It’s not that I wouldn’t like it to be true, just that wanting something to be true (even if I really, really want it) doesn’t make it true.

I think I’ll call this the Ruby Slipper Fallacy.

I do find that if I imagine Dr. Hyman drinking a big cup of STFU, it makes me happy. I don’t know that my genes are any more expressive, though.

@ #6: So he’s against sugar and for plant based foods. Makes me wonder where he gets his sugar from, high-fructose beef extract?

Interest, newsletter, etc.

It’s always fascinating to me that these diet-woo pushers emphasize plants – including lots of soy, which is a phytoestrogen, and which some Americans consume in massive amounts (thanks to it being labeled a “wonder food”, it gets shoved into everything). I lost a great friend (younger than me) to breast cancer, and one of the things she was specifically warned against was soy, since it could trip her estrogen-sensitive cancer into recurrence (roughly – I am not a doctor).

But then, according to Hyman, she must not have thought “positive” enough. Grrr.

I don’t see what’s necessarily so wrong with treating symptoms. If I go to the doctor, as a layman, complaining of symptoms x, y, and z, and they take steps to get rid of symptoms x, y, and z (and hopefully make sure they don’t recur), I’m happy. If I go to an “alternate practitioner” in the same circumstances, and they take steps to “cure” me, claim to have done so, but I still have symptoms x, y, and z, I’m going to be pissed. (I’m aware it’s more complicated than that, but I’ve read stuff about people using alternate crap and getting more sick, or at least staying as sick as they were, and claims that they’re then “cured”- alongside the “conventional medicine only treats symptoms” claim it all seems ludicrous to me)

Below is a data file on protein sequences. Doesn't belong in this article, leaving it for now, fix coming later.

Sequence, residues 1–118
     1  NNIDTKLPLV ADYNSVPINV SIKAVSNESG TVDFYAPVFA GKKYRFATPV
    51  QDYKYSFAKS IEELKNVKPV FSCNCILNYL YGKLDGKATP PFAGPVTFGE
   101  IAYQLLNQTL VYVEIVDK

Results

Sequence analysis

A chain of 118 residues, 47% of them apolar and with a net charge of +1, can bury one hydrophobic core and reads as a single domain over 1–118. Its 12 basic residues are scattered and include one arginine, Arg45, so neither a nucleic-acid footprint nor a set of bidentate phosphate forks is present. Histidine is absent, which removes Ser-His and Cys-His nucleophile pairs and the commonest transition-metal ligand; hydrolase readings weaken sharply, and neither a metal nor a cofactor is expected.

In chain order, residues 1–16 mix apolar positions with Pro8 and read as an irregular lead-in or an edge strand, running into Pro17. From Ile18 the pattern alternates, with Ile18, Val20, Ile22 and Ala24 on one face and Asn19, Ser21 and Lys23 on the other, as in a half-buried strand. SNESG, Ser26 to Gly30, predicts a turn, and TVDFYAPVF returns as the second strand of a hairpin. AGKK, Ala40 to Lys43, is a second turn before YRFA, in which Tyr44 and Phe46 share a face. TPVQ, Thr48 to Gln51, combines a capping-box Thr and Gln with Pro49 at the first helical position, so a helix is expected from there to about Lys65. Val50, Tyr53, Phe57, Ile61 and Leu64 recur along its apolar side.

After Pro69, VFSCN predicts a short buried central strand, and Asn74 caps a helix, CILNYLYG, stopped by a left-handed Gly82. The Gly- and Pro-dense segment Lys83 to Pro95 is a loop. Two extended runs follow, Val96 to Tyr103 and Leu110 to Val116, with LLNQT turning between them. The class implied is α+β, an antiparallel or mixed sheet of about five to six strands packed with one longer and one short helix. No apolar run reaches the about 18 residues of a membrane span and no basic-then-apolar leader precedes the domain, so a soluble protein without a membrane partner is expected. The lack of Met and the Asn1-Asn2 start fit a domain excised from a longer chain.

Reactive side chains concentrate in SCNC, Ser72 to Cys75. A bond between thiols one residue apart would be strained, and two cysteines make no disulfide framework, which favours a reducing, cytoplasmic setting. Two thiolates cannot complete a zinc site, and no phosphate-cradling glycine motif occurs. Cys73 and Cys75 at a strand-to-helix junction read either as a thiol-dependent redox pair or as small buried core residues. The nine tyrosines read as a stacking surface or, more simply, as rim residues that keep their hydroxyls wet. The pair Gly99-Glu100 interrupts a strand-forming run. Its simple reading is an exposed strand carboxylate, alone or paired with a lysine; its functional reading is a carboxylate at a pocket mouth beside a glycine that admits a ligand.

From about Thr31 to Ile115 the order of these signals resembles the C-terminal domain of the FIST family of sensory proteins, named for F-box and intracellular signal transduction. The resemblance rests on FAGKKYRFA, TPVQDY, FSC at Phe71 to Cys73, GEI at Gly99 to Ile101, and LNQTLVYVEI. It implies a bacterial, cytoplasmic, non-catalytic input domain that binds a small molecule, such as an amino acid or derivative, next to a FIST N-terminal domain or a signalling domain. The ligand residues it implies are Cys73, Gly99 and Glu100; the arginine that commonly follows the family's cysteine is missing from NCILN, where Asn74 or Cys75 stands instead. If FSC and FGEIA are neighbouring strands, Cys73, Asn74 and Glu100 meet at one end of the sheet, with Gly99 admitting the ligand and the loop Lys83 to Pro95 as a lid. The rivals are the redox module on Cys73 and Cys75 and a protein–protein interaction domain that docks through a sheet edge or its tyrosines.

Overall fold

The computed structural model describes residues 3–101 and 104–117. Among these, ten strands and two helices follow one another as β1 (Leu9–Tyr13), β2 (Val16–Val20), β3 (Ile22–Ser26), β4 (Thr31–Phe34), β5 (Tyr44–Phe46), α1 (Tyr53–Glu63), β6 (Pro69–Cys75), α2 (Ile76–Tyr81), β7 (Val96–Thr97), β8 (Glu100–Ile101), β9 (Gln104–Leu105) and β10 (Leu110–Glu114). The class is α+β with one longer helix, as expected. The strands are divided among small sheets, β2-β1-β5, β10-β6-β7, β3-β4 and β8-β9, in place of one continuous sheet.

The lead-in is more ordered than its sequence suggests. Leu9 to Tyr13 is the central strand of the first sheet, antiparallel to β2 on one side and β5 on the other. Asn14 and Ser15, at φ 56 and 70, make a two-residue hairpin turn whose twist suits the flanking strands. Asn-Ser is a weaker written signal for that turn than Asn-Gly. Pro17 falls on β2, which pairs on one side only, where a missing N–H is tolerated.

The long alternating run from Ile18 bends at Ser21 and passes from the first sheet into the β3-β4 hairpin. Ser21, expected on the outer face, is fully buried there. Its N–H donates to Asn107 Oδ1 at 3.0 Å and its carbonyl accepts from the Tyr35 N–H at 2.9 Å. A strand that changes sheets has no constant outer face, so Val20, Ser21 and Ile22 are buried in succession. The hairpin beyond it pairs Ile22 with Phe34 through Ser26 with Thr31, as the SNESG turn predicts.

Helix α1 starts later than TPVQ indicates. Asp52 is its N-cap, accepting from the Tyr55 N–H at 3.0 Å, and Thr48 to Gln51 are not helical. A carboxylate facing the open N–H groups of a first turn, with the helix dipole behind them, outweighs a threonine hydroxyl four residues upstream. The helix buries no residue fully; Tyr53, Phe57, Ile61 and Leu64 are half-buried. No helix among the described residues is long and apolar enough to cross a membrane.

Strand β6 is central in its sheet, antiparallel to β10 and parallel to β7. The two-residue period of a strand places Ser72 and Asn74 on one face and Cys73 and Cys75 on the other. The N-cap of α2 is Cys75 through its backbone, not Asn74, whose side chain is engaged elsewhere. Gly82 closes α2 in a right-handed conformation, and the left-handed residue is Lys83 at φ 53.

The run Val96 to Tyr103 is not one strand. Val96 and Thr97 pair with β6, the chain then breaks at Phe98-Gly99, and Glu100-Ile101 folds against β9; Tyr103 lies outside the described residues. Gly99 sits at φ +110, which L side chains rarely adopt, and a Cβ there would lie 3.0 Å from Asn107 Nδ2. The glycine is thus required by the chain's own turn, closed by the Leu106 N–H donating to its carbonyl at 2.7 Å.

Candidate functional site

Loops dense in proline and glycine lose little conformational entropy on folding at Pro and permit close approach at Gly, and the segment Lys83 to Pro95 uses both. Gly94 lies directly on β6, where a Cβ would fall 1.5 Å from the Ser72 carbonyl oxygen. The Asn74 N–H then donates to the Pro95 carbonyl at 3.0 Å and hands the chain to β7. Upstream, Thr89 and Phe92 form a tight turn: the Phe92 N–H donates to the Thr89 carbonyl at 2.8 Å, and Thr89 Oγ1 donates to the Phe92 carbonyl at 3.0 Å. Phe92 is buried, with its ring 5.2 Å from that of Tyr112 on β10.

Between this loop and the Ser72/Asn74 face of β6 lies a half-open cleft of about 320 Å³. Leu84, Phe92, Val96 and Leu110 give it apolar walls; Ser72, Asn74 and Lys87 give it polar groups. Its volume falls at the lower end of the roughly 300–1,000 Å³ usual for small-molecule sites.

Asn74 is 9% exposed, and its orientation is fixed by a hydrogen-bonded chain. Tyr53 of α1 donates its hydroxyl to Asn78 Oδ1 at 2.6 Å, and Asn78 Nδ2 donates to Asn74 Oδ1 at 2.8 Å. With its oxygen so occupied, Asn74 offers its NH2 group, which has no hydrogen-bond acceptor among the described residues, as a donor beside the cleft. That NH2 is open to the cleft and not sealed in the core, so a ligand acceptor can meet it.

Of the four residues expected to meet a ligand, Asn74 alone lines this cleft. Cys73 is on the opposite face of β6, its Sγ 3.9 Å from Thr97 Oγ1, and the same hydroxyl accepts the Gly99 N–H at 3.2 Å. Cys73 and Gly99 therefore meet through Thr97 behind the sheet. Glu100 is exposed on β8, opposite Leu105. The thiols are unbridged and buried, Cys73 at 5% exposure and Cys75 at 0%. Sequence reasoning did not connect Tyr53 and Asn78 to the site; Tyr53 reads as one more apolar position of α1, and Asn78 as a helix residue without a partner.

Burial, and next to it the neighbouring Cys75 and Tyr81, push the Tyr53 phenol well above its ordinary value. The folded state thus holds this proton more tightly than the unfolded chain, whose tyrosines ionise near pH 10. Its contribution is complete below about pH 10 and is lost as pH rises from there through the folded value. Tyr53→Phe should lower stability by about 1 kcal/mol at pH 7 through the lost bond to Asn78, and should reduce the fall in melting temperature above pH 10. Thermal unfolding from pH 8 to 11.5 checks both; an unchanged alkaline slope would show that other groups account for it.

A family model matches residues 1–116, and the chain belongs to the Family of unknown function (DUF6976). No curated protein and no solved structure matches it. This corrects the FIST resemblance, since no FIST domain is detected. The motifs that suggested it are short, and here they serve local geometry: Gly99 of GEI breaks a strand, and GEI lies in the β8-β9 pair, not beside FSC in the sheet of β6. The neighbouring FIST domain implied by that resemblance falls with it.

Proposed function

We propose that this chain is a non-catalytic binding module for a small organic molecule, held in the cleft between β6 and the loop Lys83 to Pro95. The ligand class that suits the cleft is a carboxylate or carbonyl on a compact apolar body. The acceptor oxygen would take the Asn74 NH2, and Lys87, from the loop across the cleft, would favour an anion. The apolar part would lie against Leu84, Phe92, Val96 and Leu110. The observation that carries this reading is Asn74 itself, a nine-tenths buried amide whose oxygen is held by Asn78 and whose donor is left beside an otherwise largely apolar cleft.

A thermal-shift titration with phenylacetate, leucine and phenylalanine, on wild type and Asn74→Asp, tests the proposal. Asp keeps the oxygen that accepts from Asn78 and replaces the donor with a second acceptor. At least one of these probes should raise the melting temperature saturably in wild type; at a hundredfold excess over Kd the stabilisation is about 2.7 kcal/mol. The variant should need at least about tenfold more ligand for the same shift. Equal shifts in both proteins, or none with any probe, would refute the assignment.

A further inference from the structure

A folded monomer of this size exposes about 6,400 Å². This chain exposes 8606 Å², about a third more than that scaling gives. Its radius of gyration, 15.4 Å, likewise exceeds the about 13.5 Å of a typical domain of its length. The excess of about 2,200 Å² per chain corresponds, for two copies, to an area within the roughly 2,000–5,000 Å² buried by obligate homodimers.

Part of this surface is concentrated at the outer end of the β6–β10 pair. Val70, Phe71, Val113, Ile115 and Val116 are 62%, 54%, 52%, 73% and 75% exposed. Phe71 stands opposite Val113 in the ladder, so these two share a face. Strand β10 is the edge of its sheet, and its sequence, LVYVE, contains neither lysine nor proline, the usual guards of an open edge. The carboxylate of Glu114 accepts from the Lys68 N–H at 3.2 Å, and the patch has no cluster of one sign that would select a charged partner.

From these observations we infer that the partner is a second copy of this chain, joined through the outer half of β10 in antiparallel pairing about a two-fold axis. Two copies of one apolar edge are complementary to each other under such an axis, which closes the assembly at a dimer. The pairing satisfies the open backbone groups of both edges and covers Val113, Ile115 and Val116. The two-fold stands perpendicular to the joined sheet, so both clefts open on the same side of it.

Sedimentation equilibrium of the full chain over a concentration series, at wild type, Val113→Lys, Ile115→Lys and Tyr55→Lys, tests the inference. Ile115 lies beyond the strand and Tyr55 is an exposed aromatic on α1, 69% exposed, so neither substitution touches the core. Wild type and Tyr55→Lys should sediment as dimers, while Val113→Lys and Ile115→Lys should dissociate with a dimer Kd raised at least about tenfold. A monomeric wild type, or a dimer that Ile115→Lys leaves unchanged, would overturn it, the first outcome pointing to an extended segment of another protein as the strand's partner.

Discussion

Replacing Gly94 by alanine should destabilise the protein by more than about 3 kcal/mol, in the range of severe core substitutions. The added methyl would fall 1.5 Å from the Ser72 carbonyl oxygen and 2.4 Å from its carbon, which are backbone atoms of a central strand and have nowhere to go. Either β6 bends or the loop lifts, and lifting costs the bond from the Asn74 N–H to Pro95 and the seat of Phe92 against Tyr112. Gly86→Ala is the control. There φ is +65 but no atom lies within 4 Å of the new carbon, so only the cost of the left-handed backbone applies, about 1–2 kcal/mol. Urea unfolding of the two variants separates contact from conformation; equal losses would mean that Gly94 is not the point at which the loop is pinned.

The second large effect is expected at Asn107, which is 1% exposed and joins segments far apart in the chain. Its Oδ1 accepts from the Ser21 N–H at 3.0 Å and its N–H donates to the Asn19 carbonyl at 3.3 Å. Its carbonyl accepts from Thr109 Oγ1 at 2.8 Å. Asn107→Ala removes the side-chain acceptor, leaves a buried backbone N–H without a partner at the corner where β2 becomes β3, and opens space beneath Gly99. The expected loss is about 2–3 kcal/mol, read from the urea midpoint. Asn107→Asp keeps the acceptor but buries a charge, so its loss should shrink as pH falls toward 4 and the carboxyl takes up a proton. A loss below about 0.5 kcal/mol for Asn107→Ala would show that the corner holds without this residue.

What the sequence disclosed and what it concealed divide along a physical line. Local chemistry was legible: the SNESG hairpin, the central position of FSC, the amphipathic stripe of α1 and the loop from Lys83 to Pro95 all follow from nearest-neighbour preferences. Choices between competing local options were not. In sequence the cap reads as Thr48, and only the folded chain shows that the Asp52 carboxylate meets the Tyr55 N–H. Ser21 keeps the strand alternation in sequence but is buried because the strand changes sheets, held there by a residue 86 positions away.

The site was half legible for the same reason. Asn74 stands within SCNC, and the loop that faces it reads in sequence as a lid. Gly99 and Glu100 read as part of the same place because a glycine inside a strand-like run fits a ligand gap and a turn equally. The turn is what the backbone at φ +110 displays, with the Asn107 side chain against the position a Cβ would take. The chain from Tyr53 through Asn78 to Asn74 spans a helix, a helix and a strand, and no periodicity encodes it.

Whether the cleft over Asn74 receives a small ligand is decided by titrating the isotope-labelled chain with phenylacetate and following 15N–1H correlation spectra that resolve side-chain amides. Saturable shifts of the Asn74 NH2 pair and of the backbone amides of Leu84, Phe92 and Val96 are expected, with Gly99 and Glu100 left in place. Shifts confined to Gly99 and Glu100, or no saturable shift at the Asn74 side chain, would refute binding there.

Eat more phytotoxins (why don’t the woo-minded ever think about these?)…

Because they are natural, and the first law of woo (after “never take a personal check”) is that anything “natural” is harmless.

OT 🙁 but are concerted efforts to spread the woo *ever* _truely_ OT @ RI ?) As a postscript to Vaccine Awareness Week, AoA has asked supporters (11/9/10; 11/10/10) to sponsor a 30 second Safe Minds PSA** in “major market” movie theatres that warns of the “dangers” of mercury in flu vaccines. They have included prices/ number screens, number of viewings.

** PSA *usually* stands for “public service”.

Hey, it’s November 2010. Isn’t this the month that Smarter Than You promised us that something major would happen to prove vaccines cause lupus or something?

Dan Weber:

It’s November 10. 20 sleeps to go!

Obviously they’re just putting the finishing touches on The Big Announcement.

After all, it takes a lot of work to polish a turd.

He might as well be saying that the square root of red is turqoise

But if you took “color” to mean “energy (or wavelength) associated with a certain color of light” couldn’t you actually measure and then take a square root of that? 😛

That said, I suppose one could argue that his viewpoint on “changing gene expressions” isn’t TOO far from some views on epigenetics — from what I understand, mind you; I’m not a biologist — though since he’s not talking about actual inheritance of epigenetic traits (i.e., through offspring) it doesn’t make much sense to me.

But if you took “color” to mean “energy (or wavelength) associated with a certain color of light” couldn’t you actually measure and then take a square root of that?

[needless pedanticism about an obvious joke]
If you take the square root of a wavelength, then the units of the resulting quantity are (length)^0.5. It is no longer a wavelength. Similarly, the square root of a quantity of energy is no longer an energy.

Dimensional analysis and carrying through your units is key! (And oh, how my students hated me when I was a TA – for taking off points when they just put the units in at the end.)
[/needless pendanticism]

You may be familiar with the Youtube user C0nc0rdance. Orac promoted some of his videos in the past.

He did a video on the “science” of homeopathy, using notably some excerpts from John Benneth.
Mr Benneth retaliated recently by claiming an infringement of copyright and had C0nc0rdance’s video removed from Youtube.

Here is the answer from C0nc0rdance.

I thought you may want to know.

Turquoise must have some awesome woo-significance: David Ickes** once dressed only in turquoise for arcane,esoteric reasons. Perhaps the reptiloids don’t fancy it and avoid it.

** FYI : “Ickes” is not pronounced “icks” or “icky”- as apropo as those choices may seem – but “aches”, as in “My head aches”.

Correction 36 : There’s no “s” – it’s “Icke”, (pronounced “ache”) and he still makes my head “ache”